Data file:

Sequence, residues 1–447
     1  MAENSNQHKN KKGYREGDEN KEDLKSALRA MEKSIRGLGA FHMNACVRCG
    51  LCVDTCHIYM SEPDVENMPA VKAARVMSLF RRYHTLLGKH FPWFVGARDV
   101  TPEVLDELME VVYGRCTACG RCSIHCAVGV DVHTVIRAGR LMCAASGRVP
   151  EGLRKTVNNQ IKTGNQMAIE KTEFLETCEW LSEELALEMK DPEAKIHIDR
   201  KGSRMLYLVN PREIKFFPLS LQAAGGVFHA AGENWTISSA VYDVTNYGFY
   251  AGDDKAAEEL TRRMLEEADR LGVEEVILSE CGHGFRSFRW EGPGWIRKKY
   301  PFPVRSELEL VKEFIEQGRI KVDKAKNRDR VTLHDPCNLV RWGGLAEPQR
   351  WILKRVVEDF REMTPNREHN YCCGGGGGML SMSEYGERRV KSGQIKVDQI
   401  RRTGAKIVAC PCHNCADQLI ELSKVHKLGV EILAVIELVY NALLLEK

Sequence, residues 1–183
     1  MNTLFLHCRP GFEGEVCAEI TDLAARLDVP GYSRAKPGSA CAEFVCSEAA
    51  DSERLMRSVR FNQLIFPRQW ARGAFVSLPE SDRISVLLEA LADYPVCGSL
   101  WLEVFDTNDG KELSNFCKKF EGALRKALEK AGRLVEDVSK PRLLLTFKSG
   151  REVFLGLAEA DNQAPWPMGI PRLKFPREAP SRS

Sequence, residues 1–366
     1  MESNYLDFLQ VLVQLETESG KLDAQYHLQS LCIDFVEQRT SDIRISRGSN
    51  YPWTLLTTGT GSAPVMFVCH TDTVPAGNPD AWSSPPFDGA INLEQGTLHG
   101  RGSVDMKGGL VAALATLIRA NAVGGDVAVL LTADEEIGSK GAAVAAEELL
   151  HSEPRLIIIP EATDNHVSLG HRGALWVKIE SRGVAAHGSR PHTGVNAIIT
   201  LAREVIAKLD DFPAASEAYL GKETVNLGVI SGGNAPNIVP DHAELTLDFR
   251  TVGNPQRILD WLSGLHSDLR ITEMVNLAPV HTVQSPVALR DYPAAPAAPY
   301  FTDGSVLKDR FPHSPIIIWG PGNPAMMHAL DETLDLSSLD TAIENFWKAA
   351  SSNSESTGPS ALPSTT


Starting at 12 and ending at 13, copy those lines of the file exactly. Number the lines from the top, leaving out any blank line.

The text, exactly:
     1  MNTLFLHCRP GFEGEVCAEI TDLAARLDVP GYSRAKPGSA CAEFVCSEAA
    51  DSERLMRSVR FNQLIFPRQW ARGAFVSLPE SDRISVLLEA LADYPVCGSL